liuOriginally, my school had been a movie palace and theater. paramount1Really. It was called the Brooklyn Paramount, and hosted many famous performers from Duke Ellington to The Beatles.

I wonder what the people who lived at that time in Brooklyn, would think of Brooklyn now. Maybe the same way I was starting to feel about Brooklyn: like it was ever-changing and will never be or feel the same again. I guess there are worst things a theater could be turned into, though. There was another famous Movie Palace in downtown Brooklyn: The Albee. It should have been a landmark but they tore it down when I was a kid and built a shopping mall. I guess Joni Mitchell said it best: “They paved paradise and put up a parking lot.”

But, Junior’s cheese cake is still the same: delicious. I ate it while I watched an old Peter Sellers movie…I didn’t know it then but the next day my country who I’ve defended to the Japanese so vigilantly would reward my unsung efforts by electing the first African American president.

You’re probably thinking I could have experienced this all from Japan being that I was just laying on my landlord’s couch eating cheesecake and watching old movies…but tomorrow I would learn there’s nothing quite like being there.


Here’s the hilarious final scene from the film, Being There

PS: I’ve written, and am in the process of revising, a novel. It’s unrelated to my experiences in Japan. If you enjoy my writing and have a little free time please check out: Real Gods require Blood. I’ll be posting it chapter by chapter.

Thanks in advance

22 Responses to “Home Alterations Part 6”

  1. 1 TLR
    January 1, 2009 at 11:49 am

    Being There Classic movie – Peter Sellers was robbed and should have taken the oscar for best actor that year! Amazing movie!

    aloha and Happy New Year!


  2. 2 Locohama
    January 1, 2009 at 12:43 pm

    Yeah, he sure was robbed…The original Forrest Gump (-:
    Happy New Years!
    Thanks TLR. I hope all will be well in your Garden this year (-:


  3. January 1, 2009 at 5:14 pm

    Good post and an excellent analysis of the election. Whether or not you support Obama’s positions or policies, you have to admit that the system does, indeed, seem to work quite well… At least better than in a lot of other places.

    You have the American-in-Japan dilemma pretty much pegged. As I have said elsewhere, Loco, you also seem to be blessed with the ability to confront it all with the humor and good cheer that are so essential to live successfully in Japan.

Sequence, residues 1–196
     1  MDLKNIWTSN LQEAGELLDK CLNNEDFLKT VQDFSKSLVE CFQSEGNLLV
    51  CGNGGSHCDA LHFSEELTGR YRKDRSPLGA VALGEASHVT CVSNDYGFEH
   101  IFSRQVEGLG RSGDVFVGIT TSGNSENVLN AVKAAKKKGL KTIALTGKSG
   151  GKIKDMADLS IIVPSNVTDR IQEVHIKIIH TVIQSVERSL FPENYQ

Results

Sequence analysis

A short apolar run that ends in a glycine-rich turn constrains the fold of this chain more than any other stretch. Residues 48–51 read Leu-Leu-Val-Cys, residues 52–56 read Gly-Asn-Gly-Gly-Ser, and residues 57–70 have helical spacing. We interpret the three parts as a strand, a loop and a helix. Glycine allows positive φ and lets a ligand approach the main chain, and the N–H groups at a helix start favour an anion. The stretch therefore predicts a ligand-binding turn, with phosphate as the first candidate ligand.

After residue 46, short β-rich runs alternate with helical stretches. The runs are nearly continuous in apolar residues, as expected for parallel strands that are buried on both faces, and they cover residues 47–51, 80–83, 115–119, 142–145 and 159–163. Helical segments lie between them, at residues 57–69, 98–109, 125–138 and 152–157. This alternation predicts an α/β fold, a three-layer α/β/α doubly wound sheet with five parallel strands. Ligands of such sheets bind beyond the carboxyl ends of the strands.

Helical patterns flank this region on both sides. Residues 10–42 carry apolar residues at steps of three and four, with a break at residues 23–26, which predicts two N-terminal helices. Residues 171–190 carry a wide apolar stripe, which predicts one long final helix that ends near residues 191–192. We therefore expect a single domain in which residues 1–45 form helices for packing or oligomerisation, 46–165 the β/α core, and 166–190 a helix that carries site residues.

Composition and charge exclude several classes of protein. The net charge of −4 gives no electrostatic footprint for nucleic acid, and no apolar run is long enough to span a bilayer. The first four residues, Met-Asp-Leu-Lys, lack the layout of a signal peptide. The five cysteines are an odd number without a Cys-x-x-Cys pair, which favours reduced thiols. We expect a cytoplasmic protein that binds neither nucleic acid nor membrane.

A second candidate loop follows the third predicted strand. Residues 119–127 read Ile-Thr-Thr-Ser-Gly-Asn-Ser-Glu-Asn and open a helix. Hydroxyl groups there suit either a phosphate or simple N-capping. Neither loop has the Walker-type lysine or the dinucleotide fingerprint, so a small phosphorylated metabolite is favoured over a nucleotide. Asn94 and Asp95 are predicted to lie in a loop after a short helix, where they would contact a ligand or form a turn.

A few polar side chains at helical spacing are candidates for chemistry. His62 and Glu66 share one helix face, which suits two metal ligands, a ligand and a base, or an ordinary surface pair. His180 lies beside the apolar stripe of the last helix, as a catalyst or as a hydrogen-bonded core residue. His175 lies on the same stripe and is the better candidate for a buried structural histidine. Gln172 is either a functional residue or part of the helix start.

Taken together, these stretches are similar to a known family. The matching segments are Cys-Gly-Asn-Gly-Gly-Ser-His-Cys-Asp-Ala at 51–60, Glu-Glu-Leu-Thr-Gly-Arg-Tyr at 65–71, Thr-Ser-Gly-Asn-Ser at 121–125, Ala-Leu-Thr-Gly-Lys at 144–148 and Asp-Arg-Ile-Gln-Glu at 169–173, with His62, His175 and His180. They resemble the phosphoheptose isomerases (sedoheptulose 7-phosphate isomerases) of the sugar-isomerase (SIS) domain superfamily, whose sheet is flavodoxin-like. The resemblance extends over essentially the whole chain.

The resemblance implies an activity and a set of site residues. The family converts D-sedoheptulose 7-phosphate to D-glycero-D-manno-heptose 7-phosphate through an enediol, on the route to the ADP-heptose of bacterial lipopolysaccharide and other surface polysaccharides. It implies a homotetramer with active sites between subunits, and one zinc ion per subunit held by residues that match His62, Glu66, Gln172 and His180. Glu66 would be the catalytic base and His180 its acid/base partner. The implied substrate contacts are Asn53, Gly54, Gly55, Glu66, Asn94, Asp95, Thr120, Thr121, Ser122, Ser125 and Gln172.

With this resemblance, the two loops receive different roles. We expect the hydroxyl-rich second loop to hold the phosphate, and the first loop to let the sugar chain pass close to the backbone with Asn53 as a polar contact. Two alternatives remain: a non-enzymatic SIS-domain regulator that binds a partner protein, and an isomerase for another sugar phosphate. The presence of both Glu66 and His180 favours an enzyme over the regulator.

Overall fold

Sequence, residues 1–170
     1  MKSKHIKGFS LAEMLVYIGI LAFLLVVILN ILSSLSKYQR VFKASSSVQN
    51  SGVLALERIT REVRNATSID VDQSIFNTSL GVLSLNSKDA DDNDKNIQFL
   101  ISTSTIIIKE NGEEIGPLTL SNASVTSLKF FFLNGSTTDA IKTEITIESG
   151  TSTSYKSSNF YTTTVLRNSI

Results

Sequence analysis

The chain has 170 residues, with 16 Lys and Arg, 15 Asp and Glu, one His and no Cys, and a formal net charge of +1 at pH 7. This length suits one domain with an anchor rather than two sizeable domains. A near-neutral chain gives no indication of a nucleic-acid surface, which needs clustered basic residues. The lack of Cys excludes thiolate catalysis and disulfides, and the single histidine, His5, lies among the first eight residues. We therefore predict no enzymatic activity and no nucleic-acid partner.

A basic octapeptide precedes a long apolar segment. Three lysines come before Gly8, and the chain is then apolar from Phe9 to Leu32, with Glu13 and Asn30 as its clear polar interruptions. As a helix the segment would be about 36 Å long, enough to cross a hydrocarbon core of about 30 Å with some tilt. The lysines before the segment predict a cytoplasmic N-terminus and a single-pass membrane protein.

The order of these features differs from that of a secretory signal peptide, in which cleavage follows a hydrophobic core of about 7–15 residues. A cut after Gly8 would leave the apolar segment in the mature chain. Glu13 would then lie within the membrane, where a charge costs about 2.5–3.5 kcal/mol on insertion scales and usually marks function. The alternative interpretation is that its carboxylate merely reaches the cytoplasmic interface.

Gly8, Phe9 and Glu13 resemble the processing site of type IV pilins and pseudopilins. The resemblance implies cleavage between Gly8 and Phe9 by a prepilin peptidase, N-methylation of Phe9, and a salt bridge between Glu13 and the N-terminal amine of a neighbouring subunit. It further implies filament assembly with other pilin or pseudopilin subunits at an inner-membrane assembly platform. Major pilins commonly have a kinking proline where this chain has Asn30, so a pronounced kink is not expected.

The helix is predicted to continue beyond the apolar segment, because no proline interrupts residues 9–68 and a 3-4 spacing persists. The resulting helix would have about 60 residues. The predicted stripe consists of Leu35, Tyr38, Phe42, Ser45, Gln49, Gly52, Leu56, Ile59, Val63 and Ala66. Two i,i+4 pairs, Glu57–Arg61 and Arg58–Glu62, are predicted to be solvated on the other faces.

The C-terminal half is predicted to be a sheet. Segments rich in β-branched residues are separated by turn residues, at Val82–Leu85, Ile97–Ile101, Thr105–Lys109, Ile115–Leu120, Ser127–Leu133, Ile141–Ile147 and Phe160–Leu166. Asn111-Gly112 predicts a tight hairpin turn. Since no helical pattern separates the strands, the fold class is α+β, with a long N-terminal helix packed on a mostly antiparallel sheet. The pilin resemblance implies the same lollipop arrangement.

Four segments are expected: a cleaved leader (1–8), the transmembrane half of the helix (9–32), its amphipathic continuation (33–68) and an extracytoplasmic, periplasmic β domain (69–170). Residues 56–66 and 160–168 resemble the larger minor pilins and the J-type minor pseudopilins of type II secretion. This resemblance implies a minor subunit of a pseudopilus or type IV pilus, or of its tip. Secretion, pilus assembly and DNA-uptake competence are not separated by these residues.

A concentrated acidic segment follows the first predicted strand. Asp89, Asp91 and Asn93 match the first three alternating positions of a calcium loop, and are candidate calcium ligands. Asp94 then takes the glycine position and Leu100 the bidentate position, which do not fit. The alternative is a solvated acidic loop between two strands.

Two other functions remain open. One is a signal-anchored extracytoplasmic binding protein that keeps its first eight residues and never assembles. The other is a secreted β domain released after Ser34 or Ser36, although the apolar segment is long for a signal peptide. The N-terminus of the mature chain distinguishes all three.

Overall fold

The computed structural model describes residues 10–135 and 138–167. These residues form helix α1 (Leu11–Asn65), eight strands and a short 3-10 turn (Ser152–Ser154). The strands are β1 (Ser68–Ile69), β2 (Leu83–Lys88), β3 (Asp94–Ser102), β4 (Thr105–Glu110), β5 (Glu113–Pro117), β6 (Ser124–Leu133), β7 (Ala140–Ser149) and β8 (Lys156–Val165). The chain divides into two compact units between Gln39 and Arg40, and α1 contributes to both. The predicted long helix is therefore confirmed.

Happy cheesecake!


  4. 4 Locohama
    January 1, 2009 at 9:06 pm

    Thanks Chmura-san!!! I really appreciate your feedback (-:

    One day you must make your way to Junior’s. You won’t regret


  5. 5 ItAintEazy
    January 2, 2009 at 5:51 am

    Omisoka omedetou! Yes, I also think that if five years ago you would have told me that a state Senator from Illinois representing the blackety-black Chicago South Side with an A-rab-sounding name would be our next president, I’d be getting you the lithium myself. But I’m not giving white people much credit since only 43 percent of them voted for Obama anyways – an improvement of only 3 percent that Kerry got.

  6. January 3, 2009 at 10:38 am

    Well, EZ, if you want to play with numbers, you also could say that black people don’t deserve much credit for Obama’s victory because they make up such a small percentage of the U.S. population.

    The fact is Obama won. Why not relish the moment and hope for the best instead of searching for dark linings in silver clouds?

  7. 8 ItAintEazy
    January 4, 2009 at 7:59 am

    Actually, Edward, you can’t do anything BUT give black people, and other minorities, credit for Obama’s win. Face it, if it was just up to white people, they would once again vote on the wrong side of history. Blacks made up 13 percent of the vote and just over 12 percent went for Obama. Since Obama won against McCain by 7 points, you can see the impact the large turnout of black voter had on his victory.

  8. 9 ItAintEazy
    January 4, 2009 at 8:06 am

    See, Loco, I told you I was a keep-you-down mf-er. Can’t be happy with anything can I :^)

    • January 4, 2009 at 8:46 am

      No Sweat easy! It’s all good! As a loyal reader you’ve got carte blanche to call em as you see em. can’t wait to hear what you think of “Real Gods” (-:


  9. January 4, 2009 at 1:27 pm

    “And, after five years, I now have an arsenal of brain-stumping and/or sarcastic comebacks for most of their nationalistic assaults. Especially the ones that attack America.”

    I’d PAY to see the list… haha… or it could be a very entertaining entry if you gave some of your more confrontational daily dialogs. How do you get sarcasm to work there anyway? Have you deciphered their version of it well enough to concoct stuff that will be understood properly AS sarcasm?